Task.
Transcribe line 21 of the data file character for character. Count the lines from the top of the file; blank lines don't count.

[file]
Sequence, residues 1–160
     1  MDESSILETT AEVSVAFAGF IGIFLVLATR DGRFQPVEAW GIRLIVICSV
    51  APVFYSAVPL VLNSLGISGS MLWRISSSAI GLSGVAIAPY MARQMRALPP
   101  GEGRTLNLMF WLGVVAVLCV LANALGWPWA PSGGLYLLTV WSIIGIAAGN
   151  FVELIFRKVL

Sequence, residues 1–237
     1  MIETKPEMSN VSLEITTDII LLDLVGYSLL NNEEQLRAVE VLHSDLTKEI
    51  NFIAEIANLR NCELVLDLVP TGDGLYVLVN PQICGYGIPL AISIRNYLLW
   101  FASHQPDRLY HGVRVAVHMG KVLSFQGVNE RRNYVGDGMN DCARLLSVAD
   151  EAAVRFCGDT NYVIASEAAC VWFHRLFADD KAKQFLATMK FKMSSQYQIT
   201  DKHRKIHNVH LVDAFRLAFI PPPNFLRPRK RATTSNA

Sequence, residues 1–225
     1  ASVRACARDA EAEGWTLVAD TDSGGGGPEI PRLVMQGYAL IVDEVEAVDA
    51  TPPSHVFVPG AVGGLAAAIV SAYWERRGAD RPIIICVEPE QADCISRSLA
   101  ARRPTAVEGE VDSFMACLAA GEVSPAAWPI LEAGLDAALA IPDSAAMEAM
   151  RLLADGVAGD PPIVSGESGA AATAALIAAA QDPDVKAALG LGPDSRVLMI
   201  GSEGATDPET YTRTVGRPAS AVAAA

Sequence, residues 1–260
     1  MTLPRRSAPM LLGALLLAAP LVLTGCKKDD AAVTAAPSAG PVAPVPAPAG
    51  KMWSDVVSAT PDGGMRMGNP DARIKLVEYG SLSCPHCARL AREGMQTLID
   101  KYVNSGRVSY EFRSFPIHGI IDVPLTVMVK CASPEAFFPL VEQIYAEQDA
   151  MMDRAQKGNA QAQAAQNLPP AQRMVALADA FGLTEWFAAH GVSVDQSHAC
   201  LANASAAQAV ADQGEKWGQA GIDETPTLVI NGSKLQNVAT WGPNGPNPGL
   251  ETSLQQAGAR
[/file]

   101  KYVNSGRVSY EFRSFPIHGI IDVPLTVMVK CASPEAFFPL VEQIYAEQDA